Managing director of accountancy and tax advice firm Brookson, Martin Hesketh, has given his reaction to Tuesday’s Budget.
Mr Hesketh stated: “The challenge facing George Osborne in the coalition’s first Budget announcement has been, to say the least, extensive. It was no surprise, with over £100 billion to re-coup, unemployment levels still on the increase and the post-recession economy more fragile than ever, the Chancellor positioned the Budget, in his opening statement, as an unavoidable one.”
With regards to the self-employed, the chancellor did commit to supporting UK enterprise, however cautiously. Corporation tax was reduced for small businesses and a commitment to review IR35 has already been given. Mr Hesketh does point out, though, that the extensive public sector cuts will have an effect on contractors currently working on public sector contracts and those looking for future work.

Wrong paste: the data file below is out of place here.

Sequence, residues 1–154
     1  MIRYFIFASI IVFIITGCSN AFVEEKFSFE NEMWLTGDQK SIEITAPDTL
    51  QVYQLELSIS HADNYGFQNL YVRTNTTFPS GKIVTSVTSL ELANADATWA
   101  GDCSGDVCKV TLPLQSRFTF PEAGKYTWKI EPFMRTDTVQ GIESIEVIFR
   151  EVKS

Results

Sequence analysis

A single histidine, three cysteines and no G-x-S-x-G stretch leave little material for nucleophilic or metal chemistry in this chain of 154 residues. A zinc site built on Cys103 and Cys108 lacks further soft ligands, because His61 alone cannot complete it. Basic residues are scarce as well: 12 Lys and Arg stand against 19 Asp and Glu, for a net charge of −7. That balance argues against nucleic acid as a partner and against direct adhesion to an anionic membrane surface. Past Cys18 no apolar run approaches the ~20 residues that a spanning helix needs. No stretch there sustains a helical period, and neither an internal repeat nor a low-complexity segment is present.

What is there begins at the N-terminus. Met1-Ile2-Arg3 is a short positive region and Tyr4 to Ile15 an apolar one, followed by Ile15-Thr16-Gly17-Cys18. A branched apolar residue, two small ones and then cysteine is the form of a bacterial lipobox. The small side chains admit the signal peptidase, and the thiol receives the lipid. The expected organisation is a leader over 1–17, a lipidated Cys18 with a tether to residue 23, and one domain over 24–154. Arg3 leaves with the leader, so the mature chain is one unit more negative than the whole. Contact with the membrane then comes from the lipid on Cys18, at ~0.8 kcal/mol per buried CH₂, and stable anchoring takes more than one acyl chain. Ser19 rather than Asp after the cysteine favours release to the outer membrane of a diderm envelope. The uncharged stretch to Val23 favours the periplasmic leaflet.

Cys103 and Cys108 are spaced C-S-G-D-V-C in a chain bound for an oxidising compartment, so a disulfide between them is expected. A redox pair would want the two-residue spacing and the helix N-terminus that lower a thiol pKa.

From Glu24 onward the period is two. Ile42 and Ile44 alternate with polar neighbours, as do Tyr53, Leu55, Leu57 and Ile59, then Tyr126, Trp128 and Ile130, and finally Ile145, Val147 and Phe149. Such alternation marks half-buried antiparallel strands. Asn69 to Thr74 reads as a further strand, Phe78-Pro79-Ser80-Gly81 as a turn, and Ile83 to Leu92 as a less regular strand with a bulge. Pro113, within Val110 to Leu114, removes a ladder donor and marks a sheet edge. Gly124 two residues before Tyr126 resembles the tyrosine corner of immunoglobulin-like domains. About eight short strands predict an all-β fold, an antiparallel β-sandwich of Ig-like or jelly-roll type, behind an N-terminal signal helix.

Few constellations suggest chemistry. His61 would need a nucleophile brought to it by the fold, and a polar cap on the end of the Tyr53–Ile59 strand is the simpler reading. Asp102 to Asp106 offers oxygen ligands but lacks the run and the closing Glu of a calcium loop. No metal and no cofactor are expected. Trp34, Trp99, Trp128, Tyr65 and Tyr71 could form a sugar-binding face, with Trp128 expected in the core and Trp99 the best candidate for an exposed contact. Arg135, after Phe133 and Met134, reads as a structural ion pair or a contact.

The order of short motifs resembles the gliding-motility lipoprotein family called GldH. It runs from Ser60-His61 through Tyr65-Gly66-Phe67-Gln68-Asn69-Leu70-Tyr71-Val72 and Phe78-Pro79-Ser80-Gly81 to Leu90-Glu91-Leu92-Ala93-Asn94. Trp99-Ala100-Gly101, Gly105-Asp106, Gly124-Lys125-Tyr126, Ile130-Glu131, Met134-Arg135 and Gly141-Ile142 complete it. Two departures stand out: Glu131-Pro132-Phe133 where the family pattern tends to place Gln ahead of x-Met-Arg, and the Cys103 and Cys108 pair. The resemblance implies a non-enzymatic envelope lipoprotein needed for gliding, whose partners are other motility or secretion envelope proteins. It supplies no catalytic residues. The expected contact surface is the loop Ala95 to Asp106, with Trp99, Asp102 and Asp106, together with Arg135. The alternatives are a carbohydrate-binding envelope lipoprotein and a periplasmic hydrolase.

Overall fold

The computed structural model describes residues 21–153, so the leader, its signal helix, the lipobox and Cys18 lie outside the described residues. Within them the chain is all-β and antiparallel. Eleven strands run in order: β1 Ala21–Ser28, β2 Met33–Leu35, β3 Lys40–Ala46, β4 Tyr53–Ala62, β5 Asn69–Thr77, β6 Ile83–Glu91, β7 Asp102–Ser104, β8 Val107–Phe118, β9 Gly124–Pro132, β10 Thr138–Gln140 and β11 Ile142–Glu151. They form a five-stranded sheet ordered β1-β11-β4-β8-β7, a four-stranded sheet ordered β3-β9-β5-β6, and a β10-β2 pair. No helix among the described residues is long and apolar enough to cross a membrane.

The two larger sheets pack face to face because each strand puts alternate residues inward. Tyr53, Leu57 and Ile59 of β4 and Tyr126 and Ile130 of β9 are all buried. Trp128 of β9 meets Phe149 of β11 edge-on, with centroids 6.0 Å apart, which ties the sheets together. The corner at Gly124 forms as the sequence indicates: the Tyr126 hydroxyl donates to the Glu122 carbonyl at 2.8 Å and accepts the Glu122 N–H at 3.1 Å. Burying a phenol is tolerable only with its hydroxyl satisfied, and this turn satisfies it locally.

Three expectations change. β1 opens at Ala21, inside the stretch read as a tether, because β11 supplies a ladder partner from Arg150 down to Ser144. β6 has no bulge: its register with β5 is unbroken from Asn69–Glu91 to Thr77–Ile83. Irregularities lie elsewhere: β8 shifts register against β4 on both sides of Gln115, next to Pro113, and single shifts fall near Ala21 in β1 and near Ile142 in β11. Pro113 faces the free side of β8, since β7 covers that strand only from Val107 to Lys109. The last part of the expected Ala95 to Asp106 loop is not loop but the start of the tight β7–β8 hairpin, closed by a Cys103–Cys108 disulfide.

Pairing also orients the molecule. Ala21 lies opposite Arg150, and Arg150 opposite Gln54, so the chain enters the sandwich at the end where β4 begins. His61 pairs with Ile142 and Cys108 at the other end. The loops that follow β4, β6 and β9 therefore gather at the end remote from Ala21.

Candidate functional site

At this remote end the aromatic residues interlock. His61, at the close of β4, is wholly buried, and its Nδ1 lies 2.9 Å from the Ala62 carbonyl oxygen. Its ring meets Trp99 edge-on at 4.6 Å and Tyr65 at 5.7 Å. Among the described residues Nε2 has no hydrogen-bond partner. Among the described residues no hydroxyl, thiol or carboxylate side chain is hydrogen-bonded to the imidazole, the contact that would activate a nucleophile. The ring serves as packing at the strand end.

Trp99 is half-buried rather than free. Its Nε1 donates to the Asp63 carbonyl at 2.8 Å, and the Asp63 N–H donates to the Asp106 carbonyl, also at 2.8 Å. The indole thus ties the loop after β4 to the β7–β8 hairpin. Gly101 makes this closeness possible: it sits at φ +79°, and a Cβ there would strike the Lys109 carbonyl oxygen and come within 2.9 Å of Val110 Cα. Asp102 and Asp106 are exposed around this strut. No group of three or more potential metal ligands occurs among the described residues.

IR35 was not specifically mentioned in the Budget but Mr Hesketh believes that the review of the contentious tax rule will be placed within the overall review of Corporation Tax. Hesketh believes this is likely to take place over five years. The government is likely to consult with such professional bodies as PCG and APSCo to name but a few although clearer details on the review process will be made public in the autumn.
One of the most startling announcements in the Budget was the VAT rise from 17.5% to 20%. This will come into effect on 4th January 2011. The Chancellor is expecting this tax hike to recover £8.1 billion of the overall savings planned for this tax year. Capital Gains Tax is also increasing to 28% for high earners.
Mr Hesketh concludes: “The Chancellor made much in his speech of making sure that Britain was seen as being ‘open for business’ and supporting those that are working hard to grow or set-up new businesses within the UK, both of which will contribute towards getting the UK’s economy back on track. The flexible workforce will play a critical part in the recovery of the UK economy and on face value, the new coalition Government appears to be making the right noises in terms of wanting to genuinely understand the self-employed professional market, which I believe the industry should see as optimistic.”